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THE INSIDE TRACK | T.J. SIMERS

Justice Done as Ferraro Gets His Day in Court

October 12, 2000|T.J. SIMERS

I've got a problem with Pope John Paul II.

Same thing with Billy Graham and John F. Kennedy.

Get 'em out.

Not one of them had to sit through a USC defeat or brush shoulders with an unwashed Raider fan, and yet here they are, getting the "Washington slept here" treatment in the Coliseum's Court of Honor.

Here's how ridiculous it is. You mention the Pope, Graham, Kennedy and John Ferraro in the same sentence, and of course Ferraro doesn't belong with the worldwide icons, but standing here on his home turf in the Peristyle, this giant of a man who has been the longtime president of the Los Angeles City Council belongs here more than any of them.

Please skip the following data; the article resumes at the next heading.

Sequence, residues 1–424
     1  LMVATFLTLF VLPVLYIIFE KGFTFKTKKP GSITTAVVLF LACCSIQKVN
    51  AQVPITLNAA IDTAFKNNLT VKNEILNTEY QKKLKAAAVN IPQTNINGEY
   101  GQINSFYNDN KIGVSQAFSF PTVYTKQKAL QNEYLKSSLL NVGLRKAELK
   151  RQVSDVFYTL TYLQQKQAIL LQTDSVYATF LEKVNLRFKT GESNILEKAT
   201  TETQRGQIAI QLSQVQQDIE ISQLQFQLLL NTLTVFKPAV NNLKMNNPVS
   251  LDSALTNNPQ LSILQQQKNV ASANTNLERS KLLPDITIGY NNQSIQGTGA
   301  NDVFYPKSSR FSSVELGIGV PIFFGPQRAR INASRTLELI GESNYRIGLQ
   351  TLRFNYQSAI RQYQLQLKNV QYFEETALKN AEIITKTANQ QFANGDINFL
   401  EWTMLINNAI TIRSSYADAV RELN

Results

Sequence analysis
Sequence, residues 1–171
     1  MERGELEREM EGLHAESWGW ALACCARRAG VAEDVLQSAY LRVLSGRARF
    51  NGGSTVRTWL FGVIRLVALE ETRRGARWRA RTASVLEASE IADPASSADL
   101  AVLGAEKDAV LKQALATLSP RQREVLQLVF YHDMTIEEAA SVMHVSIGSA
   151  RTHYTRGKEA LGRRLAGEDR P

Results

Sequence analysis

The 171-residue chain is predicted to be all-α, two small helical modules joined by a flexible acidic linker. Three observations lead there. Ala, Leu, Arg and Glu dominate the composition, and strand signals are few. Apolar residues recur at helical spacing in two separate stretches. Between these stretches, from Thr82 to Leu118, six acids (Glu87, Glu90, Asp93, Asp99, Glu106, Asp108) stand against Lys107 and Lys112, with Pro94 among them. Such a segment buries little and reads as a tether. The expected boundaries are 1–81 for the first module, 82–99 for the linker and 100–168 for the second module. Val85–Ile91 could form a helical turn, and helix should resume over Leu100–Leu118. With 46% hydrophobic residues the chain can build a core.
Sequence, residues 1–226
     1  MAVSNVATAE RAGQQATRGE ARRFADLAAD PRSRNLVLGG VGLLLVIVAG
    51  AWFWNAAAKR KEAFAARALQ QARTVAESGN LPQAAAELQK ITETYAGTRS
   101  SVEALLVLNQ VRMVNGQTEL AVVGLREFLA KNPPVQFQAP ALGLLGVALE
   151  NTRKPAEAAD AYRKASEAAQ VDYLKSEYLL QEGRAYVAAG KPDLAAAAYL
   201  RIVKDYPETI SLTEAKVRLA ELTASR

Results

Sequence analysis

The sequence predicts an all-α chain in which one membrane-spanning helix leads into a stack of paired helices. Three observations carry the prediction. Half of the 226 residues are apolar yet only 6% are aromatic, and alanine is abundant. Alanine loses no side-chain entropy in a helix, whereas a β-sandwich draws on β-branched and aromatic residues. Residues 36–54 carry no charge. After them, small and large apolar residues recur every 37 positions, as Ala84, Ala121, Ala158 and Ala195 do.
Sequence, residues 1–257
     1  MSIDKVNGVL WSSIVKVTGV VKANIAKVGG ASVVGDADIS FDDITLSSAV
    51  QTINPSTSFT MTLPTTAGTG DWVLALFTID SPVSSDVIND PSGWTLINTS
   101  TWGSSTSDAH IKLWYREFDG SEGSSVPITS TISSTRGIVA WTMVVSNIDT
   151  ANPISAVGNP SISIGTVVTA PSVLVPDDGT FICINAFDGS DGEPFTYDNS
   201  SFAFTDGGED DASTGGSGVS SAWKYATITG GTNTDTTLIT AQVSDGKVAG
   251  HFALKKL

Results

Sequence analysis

On Wednesday they officially unveiled Ferraro's bronze likeness to hang in the Court of Honor, and while they had to waive the rule that Ferraro must be dead before being appreciated, he had to suffer through another one of Mayor Richard Riordan's speeches.

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EVERYBODY SAID NICE things about Ferraro--even some of his closest friends, like Zev Yaroslavsky, the president of the Los Angeles Coliseum Commission, who identified Ferraro as a great UCLA lineman.

Ferraro, of course, was a great USC lineman, who began a kinship with the Coliseum when he purchased a ticket in 1939, later getting a scholarship to school next door and playing in four Rose Bowls.